Only seven condominiums have been built along Miami Street. The remaining lots sit undeveloped because of what the developer last week described as Toledo's slow housing market. The unfinished project has flirted with insolvency and required financial help from Neighborhood Housing Services.
The Starboard Side development was once envisioned as the proof Toledo needed to show the suburbs there was still money to be made building housing within the city limits.
Proposed in the mid-1990s by three community groups, the $6.5 million project called for two-dozen upscale riverfront condominiums and 20 suburban-style houses along and just above the eastern bank of the Maumee River between the Anthony Wayne Bridge and the Norfolk Southern railroad tracks. It was billed as East Toledo's first new subdivision in 35 years without government subsidies.
But today only a fraction of what was planned along Miami Street - seven condo units that sold for $250,000 to $330,000 - has been built. The remaining lots sit undeveloped because of what the developer last week described as a chronic and straightforward problem: Tole-do's housing market.
In a twist from original plans, finishing Starboard Side could now depends on government subsidies.
"Ten years ago, we thought that marketing riverfront property, or property near the river, would be an easy task," said William Farnsel, executive director of Neighborhood Housing Services of Toledo Inc., which has taken the lead in managing the property.
Now, however, "with the way the real-estate market is locally and the collapse of values, there is no way you could fund a development with everything you need and be able to cover your cost."
The project was developed by Starboard Side Development Ltd., a three-way partnership involving Housing East Redevelopment Corp., Neighborhood Housing Services of Toledo, and River East Economic Revitalization Corp.
After years of construction delays, a 2000 groundbreaking, then more delays and disputes with the builder, Starboard Side built and sold the last condo unit of the seven in December, 2006.
The project has since flirted with insolvency and required financial help from Neighborhood Housing Services, Mr. Farnsel said. Without prospective buyers, plans to construct the remaining 17 condo lots are on hold.
"Starboard Side is out of money," he said.
Neighborhood Housing Services recently put aside earlier goals for market-rate housing and applied for federal tax credits in hopes of luring investors for a proposed 40-unit, three-story apartment complex for lower and moderate-income seniors age 62 and over.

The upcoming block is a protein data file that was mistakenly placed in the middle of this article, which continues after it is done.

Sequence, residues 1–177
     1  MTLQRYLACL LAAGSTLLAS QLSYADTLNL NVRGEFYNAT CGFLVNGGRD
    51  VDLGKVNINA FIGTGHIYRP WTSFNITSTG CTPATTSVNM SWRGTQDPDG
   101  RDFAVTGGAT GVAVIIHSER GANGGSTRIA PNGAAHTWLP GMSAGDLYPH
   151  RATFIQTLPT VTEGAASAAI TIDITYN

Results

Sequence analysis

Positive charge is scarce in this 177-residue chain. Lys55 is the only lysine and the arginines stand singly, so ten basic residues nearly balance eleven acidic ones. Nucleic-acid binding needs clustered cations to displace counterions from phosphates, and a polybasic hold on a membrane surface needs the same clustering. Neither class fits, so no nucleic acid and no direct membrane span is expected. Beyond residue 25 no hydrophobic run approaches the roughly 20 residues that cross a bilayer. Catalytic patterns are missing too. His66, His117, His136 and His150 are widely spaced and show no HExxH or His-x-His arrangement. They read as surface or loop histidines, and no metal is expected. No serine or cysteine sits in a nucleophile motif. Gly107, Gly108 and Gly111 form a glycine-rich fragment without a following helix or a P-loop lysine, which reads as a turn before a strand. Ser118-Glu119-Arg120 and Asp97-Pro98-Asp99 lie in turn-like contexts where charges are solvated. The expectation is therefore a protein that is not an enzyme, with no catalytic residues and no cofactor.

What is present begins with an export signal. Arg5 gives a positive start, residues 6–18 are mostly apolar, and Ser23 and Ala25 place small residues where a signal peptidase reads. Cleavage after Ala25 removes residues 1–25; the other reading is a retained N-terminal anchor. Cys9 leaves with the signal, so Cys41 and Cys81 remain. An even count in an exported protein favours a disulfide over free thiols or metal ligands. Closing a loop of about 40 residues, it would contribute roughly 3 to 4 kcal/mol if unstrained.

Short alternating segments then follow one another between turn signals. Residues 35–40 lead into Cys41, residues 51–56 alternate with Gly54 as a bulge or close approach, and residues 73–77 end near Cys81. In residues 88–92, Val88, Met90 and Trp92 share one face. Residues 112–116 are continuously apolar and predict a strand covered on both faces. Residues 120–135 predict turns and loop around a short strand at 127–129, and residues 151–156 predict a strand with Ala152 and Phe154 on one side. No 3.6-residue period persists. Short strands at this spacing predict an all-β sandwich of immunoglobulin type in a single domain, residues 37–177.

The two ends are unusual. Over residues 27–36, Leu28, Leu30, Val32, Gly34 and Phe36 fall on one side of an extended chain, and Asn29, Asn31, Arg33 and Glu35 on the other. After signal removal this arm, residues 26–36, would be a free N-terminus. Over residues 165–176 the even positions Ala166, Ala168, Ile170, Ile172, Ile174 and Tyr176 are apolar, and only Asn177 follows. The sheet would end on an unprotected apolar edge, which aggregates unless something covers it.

The complex was slated for a vacant 3 1/2-acre parcel across the street from the condos that was once set aside for Starboard Side's unbuilt 20 market-rate houses.
"Why are we switching tactics," Mr. Farnsel said early last week. "Right now there is no market for single-family housing."
Starboard Side received yet another setback Thursday when the proposal received lower-than-expected grades from the Ohio Housing Finance Agency on a preliminary tax credit application.
The apartment proposal was scheduled to go before the Toledo Plan Commission today. However, that plan has been put on hold after last week's disappointing review, Mr. Farnsel said.
Life on that particular part of the river appeared to have been a double-edged sword in the state agency's eyes.
"While the reviewers liked the idea that this project was near the river, they didn't like that there were grain elevators upstream," said Mr. Farnsel who disagrees with the critique.
Starboard's cash crunch also has precluded the clearing of debris, the extension of a driveway, and adding all the planned landscaping. Several condo dwellers have become angry that their side yards still bear the look of construction sites.
"A lot of people won't invite guests over because they're embarrassed," said Fred Fogelman, who with his wife lives in a two-story unit. Neighborhood Housing Services talks "about building those across the street, but they haven't finished these."
Recent data on the Toledo-area housing market seem to support Mr. Farnsel's dour perspective.
The median sale price in East Toledo for a single-family house is now $17,500, or 50 percent lower than it was two years ago, said Chris Hall, vice president of the Danberry Co.'s office that covers East Toledo.
In Lucas County, 4,818 single-family homes were for sale last week, according to the area's multiple listing real-estate service, which does not include independent or bank listings.
Six years prior, there were 3,389 houses for sale, said Allen Green, president of the Toledo Board of Realtors.
Nevertheless, there is still less unsold inventory today than two years ago, which Mr. Hall attributes to investors "snapping up the distressed properties" to snag deals.
So Starboard Side's proponents continue to eye a different population - lower to moderate-income seniors.
"That's a market that's not going to go away," Mr. Farnsel said.
Neighborhood Housing Services is considering constructing another round of condos next to the seven there now. These new units would be built for moderate-income seniors, making them eligibility for tax credits.
"That might be one way to finish out the development," he said.
Lower and moderate income groups are an increasingly popular demographic for area developers, as the number applying for tax credits has been increasing, said Erin Biehl, spokesman for the Ohio Housing Finance Agency.
There were 11 such applications this year for Toledo and 164 for all of Ohio seeking the approximately $23 million in tax credits available statewide. That was up from seven and 96 applications, respectively, in 2004.
"As we see more homes go into foreclosure, people are needing to find places to live," Mrs. Biehl said.
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